The number of applications continues to grow as word of the Scholars Program disseminates around the country. We continue to attract talent with diverse interests, from programs big and small. We began with 7 Honors Scholars in 2010, and have 16 this year. Honors Scholars have a full ride to the meeting, are assigned an academic mentor, and are expected to produce a scholarly work in the subsequent year. This year we have 16 additional bright minds contributing to our field of knowledge. General Scholars are a mix of residents and medical students, given partial support to the meeting, and also assigned a mentor and encouraged to work on a scholarly project. In 2010, 6 of the 7 Honors Scholars entered a geriatric psychiatry fellowship, with one entering an addictions fellowship, but whose Scholars project focused on geriatric mental health.
Fifteen percent of geriatric psychiatry fellows training in our nation today are Honors Scholars with several General Scholars also in geriatric psychiatry fellowship programs—all with mentored academic projects that advance the margins of our knowledge.
The Scholars Program exemplifies the best and the brightest of the next generation of geriatric psychiatrists. They are vital to the future of our field; they are essential to the life blood of the AAGP. Details of their scholarly work are expanded on in an additional article in this issue of Geriatric Psychiatry News. Just a note to highlight a few projects over the past two years: The Size of the Amygdala and its relation to Late Life Depression; Candidate Genes in Alzheimer's Disease; Diffusion Tensor Imaging Correlates of Neuropsychiatric Symptoms in MCI and Alzheimer’s Disease; Community Integration and Successful Aging in Schizophrenia; C-reactive Protein and Geriatric Depression; Prescribing Psychotropic Medications in the Absence of Psychiatric Diagnosis—and many more.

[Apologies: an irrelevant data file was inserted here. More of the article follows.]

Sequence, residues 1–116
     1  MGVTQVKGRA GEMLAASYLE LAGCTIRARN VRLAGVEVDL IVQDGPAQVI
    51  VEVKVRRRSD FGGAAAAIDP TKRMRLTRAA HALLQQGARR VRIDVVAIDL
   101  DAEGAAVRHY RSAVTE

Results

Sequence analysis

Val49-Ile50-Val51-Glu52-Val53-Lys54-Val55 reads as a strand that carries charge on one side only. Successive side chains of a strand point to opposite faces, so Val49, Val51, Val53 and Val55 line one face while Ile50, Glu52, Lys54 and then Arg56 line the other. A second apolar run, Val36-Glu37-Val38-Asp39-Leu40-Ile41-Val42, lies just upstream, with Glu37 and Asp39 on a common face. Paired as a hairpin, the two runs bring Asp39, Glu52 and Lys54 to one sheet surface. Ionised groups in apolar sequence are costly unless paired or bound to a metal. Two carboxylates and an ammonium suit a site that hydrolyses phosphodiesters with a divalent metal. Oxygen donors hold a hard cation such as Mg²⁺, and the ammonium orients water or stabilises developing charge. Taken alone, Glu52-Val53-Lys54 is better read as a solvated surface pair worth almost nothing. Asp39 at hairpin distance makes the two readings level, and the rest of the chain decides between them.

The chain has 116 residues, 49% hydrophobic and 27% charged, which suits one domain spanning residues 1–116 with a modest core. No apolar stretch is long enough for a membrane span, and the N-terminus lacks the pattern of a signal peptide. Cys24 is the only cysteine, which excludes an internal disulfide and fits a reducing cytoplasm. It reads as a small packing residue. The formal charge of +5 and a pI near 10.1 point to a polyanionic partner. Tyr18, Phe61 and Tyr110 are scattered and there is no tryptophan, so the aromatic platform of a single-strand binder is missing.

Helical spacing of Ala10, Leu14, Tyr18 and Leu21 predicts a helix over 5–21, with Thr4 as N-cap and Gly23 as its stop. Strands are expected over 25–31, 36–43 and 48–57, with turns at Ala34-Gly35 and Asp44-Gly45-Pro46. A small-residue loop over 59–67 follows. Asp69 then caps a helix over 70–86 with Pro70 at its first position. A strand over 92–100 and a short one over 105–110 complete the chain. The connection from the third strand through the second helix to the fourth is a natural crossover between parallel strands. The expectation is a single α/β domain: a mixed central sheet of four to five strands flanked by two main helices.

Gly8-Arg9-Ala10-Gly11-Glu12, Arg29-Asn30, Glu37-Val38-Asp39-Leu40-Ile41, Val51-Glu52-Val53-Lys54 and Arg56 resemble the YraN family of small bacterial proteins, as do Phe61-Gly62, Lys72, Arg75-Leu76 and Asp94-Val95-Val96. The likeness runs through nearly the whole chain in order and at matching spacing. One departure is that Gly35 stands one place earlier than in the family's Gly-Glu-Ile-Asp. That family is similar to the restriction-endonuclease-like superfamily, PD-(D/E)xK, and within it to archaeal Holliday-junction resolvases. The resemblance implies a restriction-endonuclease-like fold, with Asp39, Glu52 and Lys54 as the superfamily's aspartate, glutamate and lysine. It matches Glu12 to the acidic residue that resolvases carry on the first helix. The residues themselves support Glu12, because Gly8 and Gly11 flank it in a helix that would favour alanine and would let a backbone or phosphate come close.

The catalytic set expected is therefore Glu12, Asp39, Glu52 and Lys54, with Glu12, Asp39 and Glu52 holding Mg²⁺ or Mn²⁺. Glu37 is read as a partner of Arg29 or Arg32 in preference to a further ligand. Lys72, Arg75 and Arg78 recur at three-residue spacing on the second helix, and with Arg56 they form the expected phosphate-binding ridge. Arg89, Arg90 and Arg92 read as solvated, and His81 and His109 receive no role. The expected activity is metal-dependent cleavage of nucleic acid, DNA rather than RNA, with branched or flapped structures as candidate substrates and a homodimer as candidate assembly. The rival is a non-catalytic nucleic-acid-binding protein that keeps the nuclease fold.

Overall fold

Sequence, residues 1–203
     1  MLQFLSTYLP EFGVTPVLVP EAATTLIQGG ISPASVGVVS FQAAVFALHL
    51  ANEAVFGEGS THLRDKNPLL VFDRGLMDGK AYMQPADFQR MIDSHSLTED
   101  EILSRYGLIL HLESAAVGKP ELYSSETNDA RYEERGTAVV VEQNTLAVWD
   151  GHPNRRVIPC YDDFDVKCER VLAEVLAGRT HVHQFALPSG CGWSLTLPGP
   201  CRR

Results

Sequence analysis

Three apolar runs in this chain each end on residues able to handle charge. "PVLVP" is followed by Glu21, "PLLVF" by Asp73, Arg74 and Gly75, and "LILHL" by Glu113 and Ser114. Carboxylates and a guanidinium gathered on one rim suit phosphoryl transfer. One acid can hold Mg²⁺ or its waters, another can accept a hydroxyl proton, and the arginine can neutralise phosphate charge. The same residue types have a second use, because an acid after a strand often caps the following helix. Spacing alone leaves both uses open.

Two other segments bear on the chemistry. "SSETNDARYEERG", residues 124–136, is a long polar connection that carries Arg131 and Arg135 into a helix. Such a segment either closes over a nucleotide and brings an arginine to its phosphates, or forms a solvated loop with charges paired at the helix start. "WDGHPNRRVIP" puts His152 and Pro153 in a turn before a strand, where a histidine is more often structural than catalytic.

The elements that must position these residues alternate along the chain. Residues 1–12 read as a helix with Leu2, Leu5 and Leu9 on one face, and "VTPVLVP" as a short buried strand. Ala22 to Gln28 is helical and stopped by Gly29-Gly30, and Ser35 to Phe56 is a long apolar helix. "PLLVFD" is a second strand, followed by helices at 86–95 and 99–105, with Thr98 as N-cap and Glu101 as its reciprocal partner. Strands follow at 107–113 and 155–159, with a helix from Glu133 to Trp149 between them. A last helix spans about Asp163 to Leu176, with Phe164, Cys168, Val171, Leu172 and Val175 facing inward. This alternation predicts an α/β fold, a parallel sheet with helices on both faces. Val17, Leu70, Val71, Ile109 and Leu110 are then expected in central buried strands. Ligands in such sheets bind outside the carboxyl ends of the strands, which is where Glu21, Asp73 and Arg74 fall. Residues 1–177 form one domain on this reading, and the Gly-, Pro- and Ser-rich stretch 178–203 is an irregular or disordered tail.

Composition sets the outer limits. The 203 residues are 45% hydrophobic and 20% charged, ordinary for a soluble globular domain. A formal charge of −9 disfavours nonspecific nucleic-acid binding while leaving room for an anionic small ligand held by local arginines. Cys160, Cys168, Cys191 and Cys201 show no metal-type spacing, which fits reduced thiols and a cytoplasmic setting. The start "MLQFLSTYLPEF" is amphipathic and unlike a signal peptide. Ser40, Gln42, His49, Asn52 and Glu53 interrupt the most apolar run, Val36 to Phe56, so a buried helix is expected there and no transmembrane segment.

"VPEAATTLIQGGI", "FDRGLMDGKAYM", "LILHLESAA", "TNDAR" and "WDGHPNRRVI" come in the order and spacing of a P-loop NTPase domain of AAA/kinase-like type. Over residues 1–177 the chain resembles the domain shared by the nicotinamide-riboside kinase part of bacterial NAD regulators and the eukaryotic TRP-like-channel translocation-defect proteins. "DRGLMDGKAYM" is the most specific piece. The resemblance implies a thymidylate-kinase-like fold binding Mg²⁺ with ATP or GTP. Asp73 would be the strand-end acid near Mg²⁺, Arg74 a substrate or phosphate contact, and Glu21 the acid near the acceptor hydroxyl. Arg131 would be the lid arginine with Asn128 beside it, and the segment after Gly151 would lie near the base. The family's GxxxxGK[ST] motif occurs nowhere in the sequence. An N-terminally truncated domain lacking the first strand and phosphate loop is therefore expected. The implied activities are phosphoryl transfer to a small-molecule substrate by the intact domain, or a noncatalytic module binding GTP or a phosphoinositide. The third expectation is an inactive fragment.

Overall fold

Oliver Wendell Holmes once wrote that "One’s mind, once stretched by a new idea never regains its original dimensions." The pluripotential of our trainees and the thoughtful mentorship by our members exemplify the spirit his words.